Plate Away

Put your plates and utensils and cloth napkins in the car now so you’ll be ready for dinner at the Market after work! Our Plate Away program rewards your garbage-reduction efforts with a free weekly raffle with great prizes.

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Rainbow’s End

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by Sarah Hadler

At the very end of Frati Lane lies the entrance to the aptly named Rainbow’s End Farm. I park in the gravel lot, hop out, and after ringing a bell, am happily welcomed by Nan Koehler, the heart and soul behind Rainbow’s End Farm. True to her character, she is pushing a wheelbarrow full of items that will assist her with her various chores. She invites me along and immediately starts telling me the history behind the land. She is a wealth of knowledge, and a wonderful storyteller to boot.

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Singing Frogs Farm

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by Sarah Hadler

Covered in a light layer of misty fog, I rode down into the green valley bottom, where the Atascadero and Jonive Creeks converge—home to Singing Frogs Farm. I was greeted by Wenge, the very sweet, tail-wagging farm dog and a cheery, “Hey, Sarah, down here!” from Paul Kaiser, who along with his wife, Elizabeth, is responsible for the vibrant wonder that is Singing Frogs Farm. Paul, Elizabeth, their two children, Lucas and Anna, and a wonderful mélange of animals (the aforementioned dog, a llama who likes to kiss, a goat, five sheep, ninety Girlie Girl chickens, and a beehive) and plants, share nine acres of lush land northwest of Sebastopol.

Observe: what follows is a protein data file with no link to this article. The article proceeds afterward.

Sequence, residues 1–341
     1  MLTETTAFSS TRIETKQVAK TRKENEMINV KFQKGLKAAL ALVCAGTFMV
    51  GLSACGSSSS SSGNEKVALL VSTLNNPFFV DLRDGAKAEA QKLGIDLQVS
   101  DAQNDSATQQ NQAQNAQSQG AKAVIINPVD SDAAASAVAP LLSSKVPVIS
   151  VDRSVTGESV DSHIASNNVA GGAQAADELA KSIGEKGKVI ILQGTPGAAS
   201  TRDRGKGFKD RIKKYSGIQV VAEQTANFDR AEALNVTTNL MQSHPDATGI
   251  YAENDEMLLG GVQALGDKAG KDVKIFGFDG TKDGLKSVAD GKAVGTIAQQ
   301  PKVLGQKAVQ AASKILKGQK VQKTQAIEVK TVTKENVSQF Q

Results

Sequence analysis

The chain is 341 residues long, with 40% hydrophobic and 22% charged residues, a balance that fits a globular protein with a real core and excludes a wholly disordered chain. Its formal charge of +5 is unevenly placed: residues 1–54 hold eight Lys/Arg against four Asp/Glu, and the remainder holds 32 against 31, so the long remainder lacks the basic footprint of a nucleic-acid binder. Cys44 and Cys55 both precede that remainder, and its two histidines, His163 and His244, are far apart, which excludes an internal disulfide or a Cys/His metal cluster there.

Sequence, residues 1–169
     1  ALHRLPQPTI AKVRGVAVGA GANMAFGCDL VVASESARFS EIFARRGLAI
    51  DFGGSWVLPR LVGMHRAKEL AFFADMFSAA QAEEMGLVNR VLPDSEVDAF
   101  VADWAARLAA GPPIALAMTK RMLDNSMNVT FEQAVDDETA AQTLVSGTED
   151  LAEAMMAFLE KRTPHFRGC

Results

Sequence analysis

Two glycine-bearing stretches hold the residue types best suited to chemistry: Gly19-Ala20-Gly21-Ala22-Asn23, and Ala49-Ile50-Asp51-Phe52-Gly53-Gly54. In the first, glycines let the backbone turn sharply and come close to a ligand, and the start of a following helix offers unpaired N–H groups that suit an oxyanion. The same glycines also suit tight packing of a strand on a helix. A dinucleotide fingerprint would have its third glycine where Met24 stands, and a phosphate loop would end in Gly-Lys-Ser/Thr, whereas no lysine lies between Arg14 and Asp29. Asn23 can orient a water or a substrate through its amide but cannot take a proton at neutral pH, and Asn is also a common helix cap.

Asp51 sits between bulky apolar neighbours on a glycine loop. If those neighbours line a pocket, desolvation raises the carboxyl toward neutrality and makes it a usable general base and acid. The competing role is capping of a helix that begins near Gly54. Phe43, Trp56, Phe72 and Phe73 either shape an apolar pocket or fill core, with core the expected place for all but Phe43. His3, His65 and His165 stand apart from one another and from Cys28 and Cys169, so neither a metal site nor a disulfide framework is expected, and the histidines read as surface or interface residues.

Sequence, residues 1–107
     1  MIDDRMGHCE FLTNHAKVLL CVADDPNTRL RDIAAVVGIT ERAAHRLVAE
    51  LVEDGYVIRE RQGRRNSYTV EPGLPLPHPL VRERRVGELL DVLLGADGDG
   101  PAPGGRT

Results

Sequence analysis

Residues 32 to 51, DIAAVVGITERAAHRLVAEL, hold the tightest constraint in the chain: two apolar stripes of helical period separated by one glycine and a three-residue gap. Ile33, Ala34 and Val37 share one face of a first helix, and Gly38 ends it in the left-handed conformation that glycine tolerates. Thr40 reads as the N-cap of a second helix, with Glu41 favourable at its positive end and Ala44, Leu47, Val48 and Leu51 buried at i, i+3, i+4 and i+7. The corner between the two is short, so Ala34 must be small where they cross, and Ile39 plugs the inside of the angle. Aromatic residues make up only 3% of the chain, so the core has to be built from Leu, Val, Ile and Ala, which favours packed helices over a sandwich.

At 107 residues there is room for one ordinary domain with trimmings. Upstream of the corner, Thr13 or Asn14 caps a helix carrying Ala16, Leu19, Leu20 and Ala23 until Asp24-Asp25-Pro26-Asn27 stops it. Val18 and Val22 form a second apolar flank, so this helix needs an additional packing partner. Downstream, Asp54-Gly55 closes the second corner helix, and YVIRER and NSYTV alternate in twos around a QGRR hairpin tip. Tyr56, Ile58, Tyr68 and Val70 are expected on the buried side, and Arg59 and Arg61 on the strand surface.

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Bloomfield Bees

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by Sarah Hadler

Geof Whitford, beekeeper extraordinaire, says that “Sonoma County, with its diverse plant population and therefore diverse insect population, is a wonderful environment to keep honeybees.” Geof, and his wife Jackie, have been keeping bees in Sonoma County for the last six years. Shortly after moving to this area, Geof read an impassioned article in the West County Gazette about the declining honeybee population and what people could do about it.

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Star Mountain Gardens

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by Sarah Hadler

Phyllis Hughes, the one woman wonder show who runs Star Mountain Gardens, remembers her first farmer’s market in Occidental, three years ago: “I made $86 and I was so excited to find that people wanted to buy the stuff I grew!” A self-described “back to the land hippie of the 70s,” Phyllis moved out to California from the east coast. She grew her own food for a while, then took a long hiatus from it, travelled the world, went back to school, and taught for awhile. She found herself back in California thirteen years ago, married her old sweetheart, and slowly got back into working with the earth.

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